“How many of you were born in the South?” the speaker asked from the bimah of the chapel at Temple Sinai in New Orleans during Friday night services July 28.
Most of the people in the overflow crowd — almost an oxymoron at a Reform synagogue in the middle of summer, even with three congregations gathering together — raised their hands.
By the time Ken Hoffman got through questions about our parents, grandparents and great-grandparents to ask how many had family in the South before the Civil War, about a half-dozen of us still held our hands up.
“You’re the people I want to talk to,” Hoffman said.
That’s because Hoffman, who was born in Houston, was raised in Baton Rouge, earned two history degrees from Tulane and spent the past 18½ years as the education director at the National World War II Museum in New Orleans, had just been announced as the director of the reborn Museum of the Southern Jewish Experience.
The museum got its start in 1986 at the Reform movement’s Henry S. Jacobs Camp (named for my grandfather’s brother) in Utica, Miss., after some of the small Jewish communities disappearing around the South began donating relics to the camp.
Under Macy Hart, the museum evolved into the Goldring/Woldenberg Institute of Southern Jewish Life, which moved to Jackson and shut down the museum itself.
But now the institute has spun off the museum into an independent nonprofit organization that has Atlantan Jay Tanenbaum as its chairman and possesses more than 2,000 items, including some 700 oral histories. The museum has found a home in New Orleans: 818 Howard Ave., about two blocks from the city’s No. 1 tourist attraction, the World War II Museum, and one block from Lee-less Circle.
The new Museum of the Southern Jewish Experience will take up half of a huge, four-floor, newly renovated building owned by Jewish commercial real estate developer Jeffrey Feil. It will be designed by the firm of Patrick Gallagher, the Jewish creator behind the World War II Museum and the overhauled Beit Hatfutsot in Tel Aviv.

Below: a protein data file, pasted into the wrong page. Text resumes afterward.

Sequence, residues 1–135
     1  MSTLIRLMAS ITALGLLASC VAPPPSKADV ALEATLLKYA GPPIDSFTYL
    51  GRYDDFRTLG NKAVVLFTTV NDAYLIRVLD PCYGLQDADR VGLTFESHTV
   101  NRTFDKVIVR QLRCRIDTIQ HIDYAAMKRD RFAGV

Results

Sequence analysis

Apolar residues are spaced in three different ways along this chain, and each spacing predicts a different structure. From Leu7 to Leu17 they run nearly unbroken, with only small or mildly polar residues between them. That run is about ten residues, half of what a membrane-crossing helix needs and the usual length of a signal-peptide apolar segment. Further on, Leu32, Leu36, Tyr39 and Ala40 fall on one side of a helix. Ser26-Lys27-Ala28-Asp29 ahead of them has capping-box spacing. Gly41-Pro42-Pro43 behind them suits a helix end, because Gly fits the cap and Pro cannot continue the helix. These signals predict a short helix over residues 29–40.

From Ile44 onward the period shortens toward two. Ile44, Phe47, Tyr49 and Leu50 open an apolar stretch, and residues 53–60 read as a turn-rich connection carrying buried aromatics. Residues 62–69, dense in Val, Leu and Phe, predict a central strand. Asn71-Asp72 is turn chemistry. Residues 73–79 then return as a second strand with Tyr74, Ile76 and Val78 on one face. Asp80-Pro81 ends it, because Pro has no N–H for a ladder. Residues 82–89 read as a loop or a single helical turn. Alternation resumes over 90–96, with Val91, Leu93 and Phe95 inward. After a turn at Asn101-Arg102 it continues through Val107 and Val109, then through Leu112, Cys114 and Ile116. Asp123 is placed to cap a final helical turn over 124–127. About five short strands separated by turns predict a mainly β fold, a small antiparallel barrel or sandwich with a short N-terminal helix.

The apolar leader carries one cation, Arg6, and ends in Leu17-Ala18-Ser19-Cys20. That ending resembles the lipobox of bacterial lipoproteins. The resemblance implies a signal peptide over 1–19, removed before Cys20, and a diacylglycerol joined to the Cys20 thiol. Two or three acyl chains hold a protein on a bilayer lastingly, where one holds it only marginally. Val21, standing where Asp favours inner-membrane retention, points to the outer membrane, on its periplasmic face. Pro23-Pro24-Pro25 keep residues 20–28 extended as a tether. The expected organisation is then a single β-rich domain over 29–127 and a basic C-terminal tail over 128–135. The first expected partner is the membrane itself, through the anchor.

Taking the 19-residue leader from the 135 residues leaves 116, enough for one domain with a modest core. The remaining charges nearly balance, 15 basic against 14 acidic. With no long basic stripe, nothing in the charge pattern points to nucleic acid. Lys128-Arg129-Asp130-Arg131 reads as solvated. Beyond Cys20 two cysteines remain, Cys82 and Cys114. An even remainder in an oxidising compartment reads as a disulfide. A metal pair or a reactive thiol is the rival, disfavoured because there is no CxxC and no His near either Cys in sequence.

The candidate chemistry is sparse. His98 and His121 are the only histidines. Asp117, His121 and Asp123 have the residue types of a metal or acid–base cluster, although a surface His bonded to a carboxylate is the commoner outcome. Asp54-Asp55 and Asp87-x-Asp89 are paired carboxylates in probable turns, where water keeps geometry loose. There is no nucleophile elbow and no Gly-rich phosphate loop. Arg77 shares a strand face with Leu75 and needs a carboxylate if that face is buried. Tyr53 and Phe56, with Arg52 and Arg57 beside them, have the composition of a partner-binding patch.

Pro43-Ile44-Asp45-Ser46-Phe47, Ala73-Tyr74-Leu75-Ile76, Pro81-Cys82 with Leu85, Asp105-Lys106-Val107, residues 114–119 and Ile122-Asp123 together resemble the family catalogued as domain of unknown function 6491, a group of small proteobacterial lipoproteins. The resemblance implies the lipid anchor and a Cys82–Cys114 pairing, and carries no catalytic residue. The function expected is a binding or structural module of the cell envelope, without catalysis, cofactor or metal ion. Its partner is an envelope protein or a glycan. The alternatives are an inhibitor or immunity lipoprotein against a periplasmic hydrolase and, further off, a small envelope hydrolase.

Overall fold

Given the involvement of Hoffman and Gallagher, and based on the presentation July 28 by museum Vice Chairman Rusty Palmer (a Selma, Ala., native and New Orleans resident), the museum should provide the same kind of interactive experience you get at the World War II Museum, albeit with less military hardware.
It should be an impressive, exciting addition to the cluster of museums near the circle (and right on the St. Charles streetcar line) when it opens in 2019. And all of us have a role to play in making the museum what we want it to be as it tells the Southern Jewish story.
Believe it or not, neither Hoffman nor Palmer made a pitch for donations, but they did push hard for a different kind of contribution: a 15-question online survey, accessible at www.surveymonkey.com/r/msje or through the museum’s website, www.msje.org. While you’re there, you can sign up for email updates on the museum.
The new museum, well-stocked with items and stories from the small-town Jewish South, should serve as a nice complement to the Breman Museum, which leans toward the big-city Jewish South with its Atlanta and Savannah collections.
Hoffman’s involvement piques my interest not only because he’s a fellow Tulane history grad, but also because he did his master’s thesis on the Jewish community of Port Gibson, Miss., where my grandmother went to synagogue before her family moved from nearby Pattison to New Orleans.
That’s the same grandmother whose 104th birthday we celebrated the day the museum announced its location and Hoffman’s hiring.
A museum to help tell her family story is not a bad present. Happy birthday, GaGa.